Conventional outdoor boilers gave wood heating a bad name; the new technologies offer a solution
The concept certainly has its appeal: locate the wood-fired boiler in a small insulated shed some distance from the house and run water pipes under ground to transfer heat for both space and water heating. Over the past twenty years more and more people have chosen outdoor boilers.
By far the best use of outdoor boiler technology is for “mini district heating”, in which two or more buildings are heated from the same boiler in the yard. Farming operations in which outbuildings must be heated, or repair garages next to houses are both good applications of the technology.
There are problems, though, which is why conventional outdoor boilers have been so controversial.
The big problem is they smoke. Boy, do they smoke. There are a couple of reasons why older outdoor boilers were such notorious smokers. First and most obvious is that the firebox of most units is fully surrounded by a water jacket. While this might be good from a heat transfer point of view, it makes complete combustion of the wood just about impossible. The flaming combustion of wood cannot occur below about 1000°F, so those steel surfaces backed up by water at 150°F chill and quench the flames well before combustion is complete.
Another reason for the smoke is the cyclical operating pattern. When the boiler’s water temperature falls below a set point, its combustion air damper opens and/or a small fan forces combustion air into the firebox. Once the water is heated back to the upper set point, the fan is turned off and/or the combustion air damper closes. During off cycles the fire smolders and much of the smoke condenses as creosote on the cold steel internal surfaces.
When the thermostat again calls for heat and incoming combustion air rekindles the fire, the heat ignites the creosote clinging to the boiler walls (that's what you are seeing in the photo at the left) and a huge belch of smoke issues from the stack for about ten minutes, before the system settles back into its normally smoky fire.
All things considered, the start up of a conventional outdoor boiler after a long off cycle can be an unpleasant affair. The picture to the right shows a boiler starting after an off cycle.
The bad effects on combustion of a cold firebox and cyclical operation are made worse if the outdoor boiler is too big for the heat load, a problem that seems to be common. An outdoor boiler connected only to a modest-size house will spend most of its time in the off mode, particularly during fairly mild weather, so when it does fire, it is likely to make a big smoke plume.
Another of the problems with outdoor boilers has been the outrageous performance claims made by their manufacturers, few of which appear to be backed up and some of which are just plain nutty. Several manufacturers quote “combustion efficiencies” of over 90 per cent. But no responsible manufacturer of heating equipment will ever quote combustion efficiency because the figure is utterly meaningless to buyers, and worse, it is seriously misleading. The new advanced technology boilers have not been on the market long enough see whether the makers' performance claims will stand up to the sniff test, but we hope more honesty will accompany the improved technology.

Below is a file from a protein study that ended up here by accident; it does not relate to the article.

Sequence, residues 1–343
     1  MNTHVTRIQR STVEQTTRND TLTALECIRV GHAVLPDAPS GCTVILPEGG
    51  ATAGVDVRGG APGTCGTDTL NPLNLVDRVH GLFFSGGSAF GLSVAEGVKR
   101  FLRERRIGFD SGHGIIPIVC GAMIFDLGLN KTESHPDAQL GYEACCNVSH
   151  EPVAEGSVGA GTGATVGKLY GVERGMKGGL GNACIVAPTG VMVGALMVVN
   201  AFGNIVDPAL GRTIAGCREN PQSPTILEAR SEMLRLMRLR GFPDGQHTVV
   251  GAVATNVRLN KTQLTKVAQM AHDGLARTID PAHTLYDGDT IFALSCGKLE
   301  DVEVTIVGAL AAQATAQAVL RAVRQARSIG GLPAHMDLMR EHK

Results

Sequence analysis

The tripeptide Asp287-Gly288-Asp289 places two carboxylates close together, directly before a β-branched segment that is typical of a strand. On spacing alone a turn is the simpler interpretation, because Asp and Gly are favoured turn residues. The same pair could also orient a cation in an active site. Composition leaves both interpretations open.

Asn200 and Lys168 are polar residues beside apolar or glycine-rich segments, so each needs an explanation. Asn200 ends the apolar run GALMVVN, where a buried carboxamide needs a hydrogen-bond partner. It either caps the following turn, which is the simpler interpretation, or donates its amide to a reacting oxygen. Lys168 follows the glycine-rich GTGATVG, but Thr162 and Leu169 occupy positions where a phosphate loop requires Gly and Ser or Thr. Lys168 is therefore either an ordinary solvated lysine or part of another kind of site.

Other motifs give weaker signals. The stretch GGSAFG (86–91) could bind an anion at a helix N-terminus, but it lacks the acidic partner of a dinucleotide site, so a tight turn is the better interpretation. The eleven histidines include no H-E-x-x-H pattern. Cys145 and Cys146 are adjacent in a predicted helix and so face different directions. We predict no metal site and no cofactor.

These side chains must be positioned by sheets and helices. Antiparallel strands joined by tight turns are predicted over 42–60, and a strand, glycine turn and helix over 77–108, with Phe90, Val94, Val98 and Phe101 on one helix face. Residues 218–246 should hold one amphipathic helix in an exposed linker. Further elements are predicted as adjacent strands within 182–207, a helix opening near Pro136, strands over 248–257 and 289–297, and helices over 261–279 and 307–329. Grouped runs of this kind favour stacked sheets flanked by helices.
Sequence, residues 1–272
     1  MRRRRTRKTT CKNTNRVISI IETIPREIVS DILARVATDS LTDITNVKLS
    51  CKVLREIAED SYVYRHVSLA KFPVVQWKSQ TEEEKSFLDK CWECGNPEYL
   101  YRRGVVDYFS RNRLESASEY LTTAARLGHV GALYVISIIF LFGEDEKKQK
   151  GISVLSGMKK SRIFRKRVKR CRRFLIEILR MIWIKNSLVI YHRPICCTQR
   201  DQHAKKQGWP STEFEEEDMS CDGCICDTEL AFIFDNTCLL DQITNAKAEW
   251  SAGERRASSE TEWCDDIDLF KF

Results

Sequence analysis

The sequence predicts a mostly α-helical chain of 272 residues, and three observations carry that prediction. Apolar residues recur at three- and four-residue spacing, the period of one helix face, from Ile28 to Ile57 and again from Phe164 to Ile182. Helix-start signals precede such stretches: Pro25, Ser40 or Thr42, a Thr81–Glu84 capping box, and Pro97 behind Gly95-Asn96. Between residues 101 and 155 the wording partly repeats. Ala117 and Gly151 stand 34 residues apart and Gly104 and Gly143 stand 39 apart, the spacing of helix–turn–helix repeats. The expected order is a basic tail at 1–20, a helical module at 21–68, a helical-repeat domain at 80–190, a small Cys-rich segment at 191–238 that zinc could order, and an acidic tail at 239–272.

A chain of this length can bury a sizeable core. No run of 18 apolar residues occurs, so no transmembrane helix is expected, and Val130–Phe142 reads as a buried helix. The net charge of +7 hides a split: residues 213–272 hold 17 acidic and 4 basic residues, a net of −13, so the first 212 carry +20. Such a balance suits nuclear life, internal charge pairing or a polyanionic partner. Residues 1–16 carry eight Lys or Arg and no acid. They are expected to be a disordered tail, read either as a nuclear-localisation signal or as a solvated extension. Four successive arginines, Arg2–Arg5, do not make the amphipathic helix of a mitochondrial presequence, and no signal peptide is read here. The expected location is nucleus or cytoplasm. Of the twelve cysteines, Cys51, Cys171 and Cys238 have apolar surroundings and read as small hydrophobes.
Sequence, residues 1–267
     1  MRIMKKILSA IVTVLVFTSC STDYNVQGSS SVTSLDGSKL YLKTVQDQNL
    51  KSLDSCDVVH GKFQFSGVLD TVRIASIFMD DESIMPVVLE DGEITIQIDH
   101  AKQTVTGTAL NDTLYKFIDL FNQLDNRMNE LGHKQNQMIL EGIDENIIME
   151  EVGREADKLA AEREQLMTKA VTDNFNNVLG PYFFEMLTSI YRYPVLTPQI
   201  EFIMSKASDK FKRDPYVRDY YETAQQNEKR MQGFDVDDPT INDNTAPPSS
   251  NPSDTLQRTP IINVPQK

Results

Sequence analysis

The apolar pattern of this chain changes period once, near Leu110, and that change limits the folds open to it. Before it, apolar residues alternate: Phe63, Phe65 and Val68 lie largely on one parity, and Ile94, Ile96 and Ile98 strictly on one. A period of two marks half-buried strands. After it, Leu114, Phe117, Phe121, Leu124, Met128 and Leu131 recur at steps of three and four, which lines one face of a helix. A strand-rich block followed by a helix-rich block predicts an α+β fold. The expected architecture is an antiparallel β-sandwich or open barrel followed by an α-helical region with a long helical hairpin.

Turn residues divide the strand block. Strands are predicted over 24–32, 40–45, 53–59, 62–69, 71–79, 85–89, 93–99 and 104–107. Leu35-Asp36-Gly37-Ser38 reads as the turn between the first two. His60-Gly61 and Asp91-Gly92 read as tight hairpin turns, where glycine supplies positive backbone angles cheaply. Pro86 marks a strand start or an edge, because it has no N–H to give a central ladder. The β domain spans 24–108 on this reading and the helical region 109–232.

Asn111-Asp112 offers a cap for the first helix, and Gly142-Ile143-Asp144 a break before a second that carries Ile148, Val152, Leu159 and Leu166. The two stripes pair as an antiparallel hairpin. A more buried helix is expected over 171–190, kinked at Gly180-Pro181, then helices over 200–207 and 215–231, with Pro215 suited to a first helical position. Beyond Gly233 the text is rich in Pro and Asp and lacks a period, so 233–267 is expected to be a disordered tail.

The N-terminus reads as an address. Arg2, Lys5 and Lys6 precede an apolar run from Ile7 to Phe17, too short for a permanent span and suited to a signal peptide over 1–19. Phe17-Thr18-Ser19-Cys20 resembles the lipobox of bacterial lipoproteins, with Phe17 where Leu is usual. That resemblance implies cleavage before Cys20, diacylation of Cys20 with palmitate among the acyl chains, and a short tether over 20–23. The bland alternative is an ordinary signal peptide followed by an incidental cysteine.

The only useful efficiency number for potential buyers is net delivered efficiency, and even then the conditions under which the tests were conducted and the agency that conducted the tests must be known. For example, the results from a universally recognized and government sanctioned test method show that advanced, EPA certified stoves have net delivered efficiencies between 60 and 80 per cent and that conventional wood stove efficiency is between about 40 and 65 percent.
Some boiler manufacturers brag of 96 hours (!) of heating on a single firebox load. This tends to set up unrealistic expectations on the part of buyers, leads to serious over-sizing of the unit and means that during most conditions a large part of the potential energy of the wood will be converted to smoke, not heat. While it is theoretically possible using sophisticated equipment to spread the heat output of a single large load over two days and still burn the wood cleanly and efficiently, it is not possible with a simple combustion chamber surrounded by a water jacket.
But the claim that we at woodheat find most offensive is that because they are outside, these boilers avoid all the risk of heating with a woodstove, furnace or fireplace, the implication being that indoor wood burners are inherently hazardous. Nonsense, we say, and shame on those that use this tactic. A woodstove, furnace or fireplace that is safety certified, installed exactly according to the manufacturer’s instructions and used responsibly is every bit as safe as any other type of heating system.
Some outdoor boiler manufacturers are making the effort to offer their customers a decent combustion system and are proving it by having their products emissions tested and certified. If you are looking into buying an outdoor boiler, only consider those that appear on EPA's list of cleaner models.
We are encouraged that outdoor boiler emissions are beginning to be regulated so that manufacturers can compete on a level playing field, buyers can base their decisions on good information and we at woodheat.org can endorse the outdoor boiler as a responsible and environmentally appropriate way to heat with wood.